My recommendation is to change the gluten-language that we have been using. The term “gluten-free” has been used for decades. However, the meaning of words ‘gluten-free’ have been diluted. It almost has the connotation of ‘not-much-gluten’. It has the suggestion that ‘a-little-gluten-does-not-matter’ or ‘you-are-free-to-give-up-gluten-if-you-want-to’. I see so many parents who say that their children are 90-95% gluten -free. But for excellent health, that is not good enough. I know that these parents are striving to do the best that they can. However, they often do not understand the necessity to cut out gluten entirely.
If you get sloppy about your diet, then you will be constantly ingesting small amounts of gluten, that will cause you on-going harm.
Gluten-ZERO-Diet: change our language
A much stronger expression is needed. I have now exchanged the term ‘gluten-free diet’ to ‘gluten-zero-diet’. Or more simply, Gluten-ZERO. By using this phrase, I have already seen a change people’s attitude about how they think about eliminating gluten.
I am a pediatrician – so I see a lot of sick children, and a lot of them are gluten-affected. But happily, they get better a lot more quickly off gluten than do gluten-affected adults. However, I am a strong believer in putting these children on a gluten-zero diet well before they end up with substantial gluten-related harm, and to spare them from years, or even decades, of gluten-related symptoms. This means making an early diagnosis. That also means putting them on a gluten-zero-diet before they get the severe gut damage of celiac disease.
The big question for the children, their parents, and me is, “How gluten-free does he need to be?” and, “How long does he have to be gluten free?” If you read my early books, I talked about eating gluten to tolerance. But I have completely changed my mind about this. My stance now is firmly zero-gluten – yes ZERO! So, I say to my patients, “You are going on a Gluten ZERO diet. That means ZERO gluten.” Now there is no confusion.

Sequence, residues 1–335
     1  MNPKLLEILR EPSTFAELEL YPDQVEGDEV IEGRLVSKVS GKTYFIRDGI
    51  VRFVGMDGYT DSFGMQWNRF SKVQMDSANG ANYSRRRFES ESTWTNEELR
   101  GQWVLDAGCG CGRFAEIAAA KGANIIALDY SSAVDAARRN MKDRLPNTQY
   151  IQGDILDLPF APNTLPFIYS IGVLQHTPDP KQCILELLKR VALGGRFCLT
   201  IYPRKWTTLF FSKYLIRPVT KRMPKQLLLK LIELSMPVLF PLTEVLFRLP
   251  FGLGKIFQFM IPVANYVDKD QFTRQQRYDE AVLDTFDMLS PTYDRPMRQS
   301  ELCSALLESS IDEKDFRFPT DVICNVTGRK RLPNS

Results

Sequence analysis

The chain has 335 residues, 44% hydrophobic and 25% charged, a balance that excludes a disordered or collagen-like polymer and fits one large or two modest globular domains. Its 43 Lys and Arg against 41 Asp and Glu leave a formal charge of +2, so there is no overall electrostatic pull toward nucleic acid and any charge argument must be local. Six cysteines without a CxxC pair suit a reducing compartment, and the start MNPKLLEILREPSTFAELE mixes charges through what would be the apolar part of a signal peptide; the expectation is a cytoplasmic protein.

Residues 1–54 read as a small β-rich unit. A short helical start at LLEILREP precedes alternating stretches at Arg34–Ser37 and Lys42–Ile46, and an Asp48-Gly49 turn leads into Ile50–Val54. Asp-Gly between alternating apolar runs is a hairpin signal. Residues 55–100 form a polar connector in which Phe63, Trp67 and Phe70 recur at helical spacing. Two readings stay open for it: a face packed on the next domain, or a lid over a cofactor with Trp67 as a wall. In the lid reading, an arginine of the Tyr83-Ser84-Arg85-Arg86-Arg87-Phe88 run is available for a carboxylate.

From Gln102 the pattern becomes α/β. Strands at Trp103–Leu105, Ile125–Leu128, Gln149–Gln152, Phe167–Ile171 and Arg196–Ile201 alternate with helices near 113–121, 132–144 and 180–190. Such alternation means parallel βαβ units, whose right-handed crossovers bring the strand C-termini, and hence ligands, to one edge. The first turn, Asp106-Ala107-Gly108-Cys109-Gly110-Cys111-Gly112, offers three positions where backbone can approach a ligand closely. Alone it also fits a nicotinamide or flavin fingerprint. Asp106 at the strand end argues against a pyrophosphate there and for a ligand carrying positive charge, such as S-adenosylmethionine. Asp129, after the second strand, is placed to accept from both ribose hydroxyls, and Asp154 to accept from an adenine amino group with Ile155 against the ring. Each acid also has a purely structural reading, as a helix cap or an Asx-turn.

The other language change concerns the concept of “celiac disease” – it is the “disease” part of this phrase that I do not like. Sure, when someone is ill, and suffering from chronic symptoms, then they are diseased. But when they are gluten-zero, and have fully revived, they are now healthy – they are no longer diseased. So why should they say that they have “celiac disease?” I much prefer to say that these people are “celiacs”, or have the “celiac condition” – but they are no longer diseased. Having a “disease” label is not a healthy thing, mentally.
I want to see healthy celiac on a gluten-zero diet.
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By Rodney Ford +